Cardiff and Vale University Health Board
Currently, it is suggested there is significant variation in how medicines are dealt with at the point of admission through to when discharge occurs. It is felt this variation introduces extra work into supply processes and results in waste of resources, coupled with a risk of patient harm through having no common lean approach to medicines supply.
The idea of this project is to scope the patients medicine journey from admission through inpatient to discharge being clear of the requirements, source/supply of the medicines, reducing inefficiencies and waste, alongside mitigating the risk of harm to patients.
The project will also deliver a sustainable strategy for medicines management which is consistent, patient centred and makes optimal use of each profession’s skill set with clear roles and responsibilities from the medicine supply process covering primary and secondary care.
The focus will also be on improving ‘medicines independence’ by patients within a hospital environment in preparation for a safe discharge by supporting them to manage their own medication needs (with appropriate governance and safety) as part of their rehabilitation before discharge.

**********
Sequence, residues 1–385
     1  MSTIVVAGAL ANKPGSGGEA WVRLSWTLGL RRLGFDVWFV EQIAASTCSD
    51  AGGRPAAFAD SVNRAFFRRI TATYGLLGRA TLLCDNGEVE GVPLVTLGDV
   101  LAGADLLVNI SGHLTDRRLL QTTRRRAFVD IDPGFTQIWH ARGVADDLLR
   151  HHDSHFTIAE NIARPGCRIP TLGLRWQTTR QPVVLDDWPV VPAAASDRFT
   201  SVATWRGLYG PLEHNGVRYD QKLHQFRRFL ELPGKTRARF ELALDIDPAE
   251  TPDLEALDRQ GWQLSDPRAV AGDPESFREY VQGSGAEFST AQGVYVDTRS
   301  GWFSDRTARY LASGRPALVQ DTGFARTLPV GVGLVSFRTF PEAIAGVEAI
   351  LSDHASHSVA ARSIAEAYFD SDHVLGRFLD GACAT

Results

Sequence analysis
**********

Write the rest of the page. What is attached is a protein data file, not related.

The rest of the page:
Clear roles and responsibilities from the medicine supply process covering primary and secondary care journeys.
Reduce duplication and waste achieving sustainability targets. Also, focus on medicines independence by patients within a hospital environment in preparation for a safe discharge.
A project group is to be established with key stakeholders and project plan to be developed based on a previous project regarding medicine supply and stock management within UHW in conjunction with Swansea University
Patients will benefit from medicine independence i.e. reduced reliance on healthcare professionals administering medication (or support in the community setting) and increasing knowledge for patients about their medication.
Nurses will be able to find the right medicine at the right time in the right place and decrease duplication in pharmacy workload.